WIMBLEDON, England — Go ahead and say it: Grand Slam. Magic words in tennis, in sport, an attraction beyond the norm, a standard of brilliance, a mark of excellence, an achievement sitting right there within the grasp — well, the serves and the ground strokes of the magnificent Serena Williams.
Williams had attempted to avoid the subject, the way some baseball announcers refuse to tell us a team hasn’t had a hit, fearing somehow the words would have an effect, be a jinx.
But Serena has to face it now, discuss it now, while we discuss the inevitable fact she is the greatest woman tennis player in history.
And she’s willing, and so are we.
“I feel if I can do the Serena Slam,” said Williams about successfully taking the last four major tennis tournaments in succession — in different years — “I will be OK heading into the Grand Slam. I have confidence.”
So do the rest of us. There’s been nobody better. Ever.
Williams struggled a bit Saturday in the Wimbledon final. Double-faulted three times in the first game, had her serve broken. It was as astounding as Jerry Rice dropping a pass, as Madison Bumgarner losing a must-game. Nerves, of course. Pressure, of course. Expectations, of course.
Yet those expectations were met with resolve and joy. Williams would show her power and domination, win four straight games to end the set, would control most of the second set, would beat the newest ingénue on the scene, 21-year-old Garbine Muguruza of Spain, 6-4, 6-4, for her sixth Wimbledon, her 21st major victory overall
If it was more testing than some had thought — “Muguruza is going to be hard-pressed to hang in there,” said John McEnroe on the BBC broadcast at the start — still, this was the final of the oldest, some say the most important, tournament in the game. To borrow a line from golf, it ain’t how, it’s how many.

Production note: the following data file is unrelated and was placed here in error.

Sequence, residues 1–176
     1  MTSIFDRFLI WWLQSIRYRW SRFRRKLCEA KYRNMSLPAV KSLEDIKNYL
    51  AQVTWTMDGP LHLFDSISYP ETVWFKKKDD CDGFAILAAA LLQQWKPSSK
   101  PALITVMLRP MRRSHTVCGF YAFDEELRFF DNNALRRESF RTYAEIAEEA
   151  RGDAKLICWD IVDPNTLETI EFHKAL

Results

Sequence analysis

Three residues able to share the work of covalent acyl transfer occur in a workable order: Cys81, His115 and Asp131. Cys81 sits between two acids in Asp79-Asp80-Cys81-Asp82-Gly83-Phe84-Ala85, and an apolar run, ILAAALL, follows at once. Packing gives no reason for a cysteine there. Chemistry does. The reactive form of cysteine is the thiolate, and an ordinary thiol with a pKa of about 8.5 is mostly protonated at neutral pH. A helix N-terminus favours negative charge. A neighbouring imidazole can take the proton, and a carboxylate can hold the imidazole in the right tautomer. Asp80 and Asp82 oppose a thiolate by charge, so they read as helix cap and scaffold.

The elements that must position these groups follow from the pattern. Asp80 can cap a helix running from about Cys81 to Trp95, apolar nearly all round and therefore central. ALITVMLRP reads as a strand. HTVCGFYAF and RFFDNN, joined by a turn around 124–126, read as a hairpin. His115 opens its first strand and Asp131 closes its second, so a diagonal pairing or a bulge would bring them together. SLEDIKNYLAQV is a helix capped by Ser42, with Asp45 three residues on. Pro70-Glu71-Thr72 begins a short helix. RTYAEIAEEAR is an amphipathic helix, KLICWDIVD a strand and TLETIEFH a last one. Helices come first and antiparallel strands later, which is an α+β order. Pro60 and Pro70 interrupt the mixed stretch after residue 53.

For Williams — at 33 years and 289 days, the oldest, male or female to win a Slam event — it is a great many. It was a victory in a fourth straight major, starting at last year’s U.S. Open. It was the penultimate step on the route to the game’s Holy Grail, the true Grand Slam, all four majors in a calendar year. Now she faces the coming U.S. Open, at the end of August in New York, with a wonderful chance to make history.
The Grand Slam has been won before, by both men and women, but in Serena’s lifetime it’s been done by only one player, Steffi Graf, now married to Andre Agassi — who, as Serena, won all four majors but not in a calendar year. Graf’s “impregnable quadrilateral,” — as someone wrote about Bobby Jones in golf — was recorded in 1988
Graf was wonderful. She won 21 majors overall. Margaret Court of Australia won 24. But here comes Serena, one back of Graf, three back of Court. And as well as the other two played, McEnroe, a men’s champion before he turned to announcing, insists that Serena is the best ever.
Her side of the draw in this Wimbledon was loaded: sister Venus Williams, England’s Heather Watson, former No. 1 and two-time Australian champ Victoria Azarenka. Williams lost a couple sets along the way. She didn’t lose a match.
“I don’t feel I have anything to lose,” said Williams about the U.S. Open, on hard courts — as opposed to the grass courts at Wimbledon or the clay courts at the French. “I’ve kind of solidified my place at No. 1.”
She was talking about the current WTA rankings. We can walk about all-time rankings, arbitrary as they might be. Who would beat Serena head to head? Martina Navratilova, perhaps. Maybe Graf or Chris Evert. Older sister Venus was ahead of Serena until Serena matured and also started taking the game seriously.
For a while, Serena was more interested in acting than tennis. Billie Jean King, another fantastic champion in her day, got on Serena’s case, telling her a career is so limited she’d better not waste the talent. She’d wake up one day and realized her opportunity had flown.
Instead, partly because of the urging, partly because she understood what was possible, Williams roared back and took over women’s tennis.
“I feel like I’m better than I was 10-12 years ago,” said Serena.” I’m more fit. I keep reinventing myself in terms of working out.”